The Home Page
According to the author, the site's home page is the first page users will see upon entering a site, and it has its own unique requirements.
EN: Statistics I have seen elsewhere indicate that as little as 10% of a site's audience enters through the "home page", and use bookmarks or links to deeper content. While this advice is important, it is based on a fallacy (and more importantly, since this is an assumption, the guidelines probably overlook the needs of users who have entered the site otherwise).
1. Enable access to the home page from every other page on the Web site (5:3)
Users will return to a site's home page to begin a new task, or when they are lost. It's worth noting that most users recognize and expect the site or company logo on the top of each page to serve to a link back to the home page.
2. Present all major options on the home page (5:2)
The options and links presented on the home page should be the "most important ones on the site." The criteria for "importance" is unclear, but the implication is that the major topic areas in the site's information structure should be presented.
EN: This seems to be based on an information-driven site, where the home page acts as a "table of contents" for the site. I would think that popular features or common tasks, even though they may be buried deeper in the site, are also important. Notices, news, and announcements are also "important." In the end, this doesn't seem like a clear guideline.
3. Create a positive first impression (5:4)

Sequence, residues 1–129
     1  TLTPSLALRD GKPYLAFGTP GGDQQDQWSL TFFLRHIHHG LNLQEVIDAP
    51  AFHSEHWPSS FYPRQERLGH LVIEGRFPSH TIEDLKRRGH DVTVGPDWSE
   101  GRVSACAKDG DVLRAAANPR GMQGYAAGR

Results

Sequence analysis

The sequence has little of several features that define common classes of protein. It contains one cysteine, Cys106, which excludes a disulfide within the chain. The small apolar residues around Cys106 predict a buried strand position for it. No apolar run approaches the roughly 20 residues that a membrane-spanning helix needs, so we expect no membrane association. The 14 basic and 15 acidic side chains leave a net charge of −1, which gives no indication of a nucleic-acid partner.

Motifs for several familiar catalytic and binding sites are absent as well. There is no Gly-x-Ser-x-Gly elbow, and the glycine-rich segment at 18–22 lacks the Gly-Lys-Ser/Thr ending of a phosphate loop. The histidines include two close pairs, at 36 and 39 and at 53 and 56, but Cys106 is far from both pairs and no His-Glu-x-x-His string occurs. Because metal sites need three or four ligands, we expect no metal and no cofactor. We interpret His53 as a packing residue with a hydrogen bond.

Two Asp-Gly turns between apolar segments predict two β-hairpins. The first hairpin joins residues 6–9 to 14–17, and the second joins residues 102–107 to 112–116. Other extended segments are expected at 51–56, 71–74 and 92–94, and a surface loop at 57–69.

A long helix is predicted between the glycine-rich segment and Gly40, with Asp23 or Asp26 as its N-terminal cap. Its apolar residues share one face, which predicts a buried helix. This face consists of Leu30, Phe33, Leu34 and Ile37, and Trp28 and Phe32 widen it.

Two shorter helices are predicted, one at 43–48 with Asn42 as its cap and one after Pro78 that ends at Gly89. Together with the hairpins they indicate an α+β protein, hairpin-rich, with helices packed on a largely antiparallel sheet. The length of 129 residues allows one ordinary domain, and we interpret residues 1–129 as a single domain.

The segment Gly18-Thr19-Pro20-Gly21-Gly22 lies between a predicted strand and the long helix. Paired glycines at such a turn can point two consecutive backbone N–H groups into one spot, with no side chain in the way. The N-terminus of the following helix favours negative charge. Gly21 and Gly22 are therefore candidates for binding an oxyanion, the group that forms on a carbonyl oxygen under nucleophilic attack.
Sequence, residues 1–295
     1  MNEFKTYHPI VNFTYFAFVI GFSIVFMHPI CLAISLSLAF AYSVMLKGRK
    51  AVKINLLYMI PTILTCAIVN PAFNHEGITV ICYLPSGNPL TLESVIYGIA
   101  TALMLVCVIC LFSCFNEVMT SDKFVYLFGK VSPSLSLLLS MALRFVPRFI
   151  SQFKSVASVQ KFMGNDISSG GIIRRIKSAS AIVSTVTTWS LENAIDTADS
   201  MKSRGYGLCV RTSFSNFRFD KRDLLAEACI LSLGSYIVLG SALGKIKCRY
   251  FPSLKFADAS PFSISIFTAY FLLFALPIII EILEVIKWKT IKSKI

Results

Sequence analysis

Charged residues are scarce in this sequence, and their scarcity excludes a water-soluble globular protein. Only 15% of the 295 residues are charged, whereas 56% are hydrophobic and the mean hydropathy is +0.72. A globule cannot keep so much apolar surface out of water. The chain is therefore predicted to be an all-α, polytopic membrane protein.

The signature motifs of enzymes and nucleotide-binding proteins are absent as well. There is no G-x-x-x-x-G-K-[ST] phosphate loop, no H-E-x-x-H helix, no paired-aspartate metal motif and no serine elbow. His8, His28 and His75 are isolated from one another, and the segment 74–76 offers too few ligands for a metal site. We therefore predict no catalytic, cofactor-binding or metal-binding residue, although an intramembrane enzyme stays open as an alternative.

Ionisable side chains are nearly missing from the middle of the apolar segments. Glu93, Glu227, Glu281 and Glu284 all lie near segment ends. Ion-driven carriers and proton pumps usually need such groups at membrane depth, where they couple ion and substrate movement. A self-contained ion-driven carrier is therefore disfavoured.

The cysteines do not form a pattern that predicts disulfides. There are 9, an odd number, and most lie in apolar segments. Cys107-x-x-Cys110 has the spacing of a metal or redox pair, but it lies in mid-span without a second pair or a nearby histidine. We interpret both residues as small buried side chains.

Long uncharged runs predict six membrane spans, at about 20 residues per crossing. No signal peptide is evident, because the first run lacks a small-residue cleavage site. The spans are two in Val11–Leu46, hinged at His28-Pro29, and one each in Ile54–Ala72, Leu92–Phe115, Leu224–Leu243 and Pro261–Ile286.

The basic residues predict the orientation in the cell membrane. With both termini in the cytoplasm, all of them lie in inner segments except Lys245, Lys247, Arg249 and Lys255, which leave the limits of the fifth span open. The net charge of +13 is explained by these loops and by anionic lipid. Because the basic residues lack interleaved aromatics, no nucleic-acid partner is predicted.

Research indicates that most users form an opinion of a Web site (and decide whether to enter it at all) by a quick scan at the home page alone, so creating a good impression immediately is important.
EN: This is based on the fallacy that the home page is the first one that is visited, and I expect the research methodology is based on that assumption. Again, true of a certain percentage of users, but recall that not all users come in through the front door.
4. Communicate the site's value and purpose (4:3)
Provide an explicit statement of a site's purpose (what the user can accomplish there) and its specific value proposition (why this site is to be preferred over others). Do not assume either is self-evident.
5. Limit prose text on the home page (4:3)
There is no clear indication of what the author means by "prose text," but the author is against having much of it on the home page.
EN: I guess a large amount of poetry would be fine? But more to the point, I don't see the research behind this assertion, and it seems very arbitrary.
6. Ensure that the home page looks like a home page (4:4)
My sense is that the author is indicating that there should be immediate visual difference between the home page of a site and its content pages. No reason is given.
7. Limit home page length (3:2)
Since the home page is an entry page rather than a content page, many users will not scroll, so key items (ideally all items) will be visible on a single screen without scrolling.
8. Announce changes to a site (3:2)
Repeat visitors should not be surprised by changes to a site - especially in terms of its content structure and navigation paths. There should be a clear and prominent announcement. While announcements should be made on the home page, this is not the only place they should be announced - an indication should be given on pages where the change is germane.
8. Attend to panel width (2:3)
"Panels" (columns containing navigation elements or features) should not be so wide as to be mistaken for page content. The consequence is that users may overlook them, or mistake them for content (when the entire point is to highlight and call attention to content).